## Number of representations of degree one (1)

Posted: February 8, 2011 in Representations of Finite Groups
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Lemma. Let $G$ be a finite abelian group. The number of degree one representations of $G$ is $|G|.$

Proof. Let $|G|=n.$ By the fundamental theorem for finite abelian groups, $G = C_1 \times C_2 \times \cdots \times C_k,$ where each $C_j$ is a cyclic group of order, say, $n_j.$ Clearly $n_1n_2 \cdots n_k = n.$ So every element of $G$ is written uniquely as $g_1g_2 \cdots g_k,$ where $g_j \in C_j.$ By Example 1 each $C_j$ has exactly $n_j$ degree one representations. Let $R_j$ be the set of degree one representations of $C_j$ and let $R$ be the set of degree one representations of $G.$ Define $f : R \longrightarrow R_1 \times R_2 \times \cdots \times R_k$ by

$f(\rho)=(\rho_1, \rho_2, \cdots , \rho_k),$

where $\rho_j = \rho |_{C_j}.$ If we show that $f$ is a bijection, then $|R|=\prod |R_j|=\prod n_j = n$ and the lemma is proved.

1) $f$ is well-defined : This is obviouse because if $\rho \in R,$ then clearly $\rho_j \in R_j.$

2) $f$ is injective : If $\rho, \mu \in R$ and $\rho_j = \mu_j,$ for all $j,$ then for any $g = g_1g_2 \cdots g_k \in G$ we have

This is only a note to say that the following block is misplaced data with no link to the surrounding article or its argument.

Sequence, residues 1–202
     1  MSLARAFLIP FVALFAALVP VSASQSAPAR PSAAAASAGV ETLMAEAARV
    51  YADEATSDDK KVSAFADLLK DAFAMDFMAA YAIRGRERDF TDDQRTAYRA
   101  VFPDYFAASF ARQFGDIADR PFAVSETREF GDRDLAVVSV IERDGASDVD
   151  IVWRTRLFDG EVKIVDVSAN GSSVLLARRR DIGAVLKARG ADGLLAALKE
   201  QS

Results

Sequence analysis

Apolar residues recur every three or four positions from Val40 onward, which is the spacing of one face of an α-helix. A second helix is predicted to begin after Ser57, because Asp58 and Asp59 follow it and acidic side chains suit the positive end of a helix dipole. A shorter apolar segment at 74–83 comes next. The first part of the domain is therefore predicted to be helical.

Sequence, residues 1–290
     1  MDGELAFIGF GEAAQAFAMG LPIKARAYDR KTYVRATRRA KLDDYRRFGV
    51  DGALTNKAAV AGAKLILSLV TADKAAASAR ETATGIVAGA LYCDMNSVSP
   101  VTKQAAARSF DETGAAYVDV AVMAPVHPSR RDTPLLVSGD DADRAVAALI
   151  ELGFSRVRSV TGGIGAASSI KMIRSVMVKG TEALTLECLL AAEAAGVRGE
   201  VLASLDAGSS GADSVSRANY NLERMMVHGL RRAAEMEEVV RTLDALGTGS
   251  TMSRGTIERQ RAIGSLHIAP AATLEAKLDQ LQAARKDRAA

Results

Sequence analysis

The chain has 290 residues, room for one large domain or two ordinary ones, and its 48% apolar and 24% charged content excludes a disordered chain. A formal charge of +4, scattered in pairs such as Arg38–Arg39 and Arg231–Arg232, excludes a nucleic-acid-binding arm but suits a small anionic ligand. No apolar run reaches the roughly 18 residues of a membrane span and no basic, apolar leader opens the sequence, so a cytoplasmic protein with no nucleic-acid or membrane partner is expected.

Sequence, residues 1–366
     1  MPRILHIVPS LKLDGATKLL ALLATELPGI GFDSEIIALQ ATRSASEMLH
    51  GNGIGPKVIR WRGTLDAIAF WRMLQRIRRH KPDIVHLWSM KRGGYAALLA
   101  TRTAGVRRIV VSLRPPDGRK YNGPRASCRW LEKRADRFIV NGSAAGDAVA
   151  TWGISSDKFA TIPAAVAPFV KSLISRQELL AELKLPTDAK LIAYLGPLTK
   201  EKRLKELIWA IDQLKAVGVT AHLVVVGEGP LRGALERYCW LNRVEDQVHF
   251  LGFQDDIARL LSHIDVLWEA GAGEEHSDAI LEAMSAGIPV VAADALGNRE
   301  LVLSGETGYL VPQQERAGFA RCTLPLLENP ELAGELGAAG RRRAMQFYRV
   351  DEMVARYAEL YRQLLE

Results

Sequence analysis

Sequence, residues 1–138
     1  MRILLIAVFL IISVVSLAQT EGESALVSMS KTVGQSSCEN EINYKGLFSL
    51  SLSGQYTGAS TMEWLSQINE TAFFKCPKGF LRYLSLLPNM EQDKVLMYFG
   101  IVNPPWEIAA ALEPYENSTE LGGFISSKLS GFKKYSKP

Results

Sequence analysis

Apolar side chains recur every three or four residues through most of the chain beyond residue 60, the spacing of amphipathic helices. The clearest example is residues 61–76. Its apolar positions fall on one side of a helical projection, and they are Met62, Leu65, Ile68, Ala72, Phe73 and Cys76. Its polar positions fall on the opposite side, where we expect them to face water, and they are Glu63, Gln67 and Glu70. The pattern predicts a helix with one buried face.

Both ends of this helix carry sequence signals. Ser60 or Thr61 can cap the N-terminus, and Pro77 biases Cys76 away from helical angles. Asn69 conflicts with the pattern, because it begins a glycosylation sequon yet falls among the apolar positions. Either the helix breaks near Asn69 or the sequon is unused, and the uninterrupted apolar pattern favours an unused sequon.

$\rho(g)=\prod \rho(g_j) = \prod \rho_j(g_j) = \prod \mu_j(g_j)= \prod \mu(g_j)=\mu(g).$

Thus $\rho = \mu$ and so $f$ is injective.

3) $f$ is surjective : Let $\mu_j \in R_j, \ 1 \leq j \leq k$ and define $\rho : G \longrightarrow \mathbb{C}^{\times}$ by

$\rho (g_1g_2 \cdots g_k)=\mu_1(g_1) \mu_2(g_2) \cdots \mu_k(g_k),$

for all $g_j \in C_j.$ It is easy to see that $\rho \in R.$ Also $\rho(g_j)=\mu_j(g_j)$ for all $g_j \in C_j,$ i.e. $\mu_j = \rho|_{C_j}=\rho_j$ and thus $f(\rho)=(\mu_1, \mu_2, \cdots , \mu_k). \ \Box$

Theorem. Let $G$ be a finite group. The number of degree one representations of $G$ is $[G:G'].$

Proof. Since $G/G'$ is a finite abelian group, the number of degree one representations of $G/G'$ is $|G/G'|=[G:G'],$ by the above lemma. So we only need to define a bijection between $R,$ the set of degree one representations of $G$ and $S,$ the set of degree one representations of $G/G'.$ Let $\pi : G \longrightarrow G/G'$ be the natural homomorphism and define $f : S \longrightarrow R$ by

$f(\rho) = \rho \pi.$

It is immediate that $f$ is well-defined and injective. So we only need to show that $f$ is surjective. To see this, let $\bar{\rho} \in R.$ So $\bar{\rho} : G \longrightarrow \mathbb{C}^{\times}$ is a group homomorphism and hence $G/\ker \bar{\rho}$ is abelian because it is isomorphic to a subgroup of $\mathbb{C}^{\times}.$ Thus

$G' \subseteq \ker \bar{\rho}. \ \ \ \ \ \ \ \ \ \ \ \ (*)$

Now define $\rho : G/G' \longrightarrow \mathbb{C}^{\times}$ by

$\rho(gG')=\bar{\rho}(g),$

for all $g \in G.$ If $g \in G',$ then $g \in \ker \bar{\rho},$ by $(*),$ and hence $\bar{\rho}(g)=1.$ Thus $\rho$ is well-defined. Clearly $\rho$ is a group homomorphism because $\bar{\rho}$ is so. Thus $\rho \in S.$ Finally $f(\rho)(g)=\rho \pi(g)=\rho(gG')=\bar{\rho}(g),$ for all $g \in G.$ Hence $f(\rho) = \bar{\rho}$ and the proof is complete. $\Box$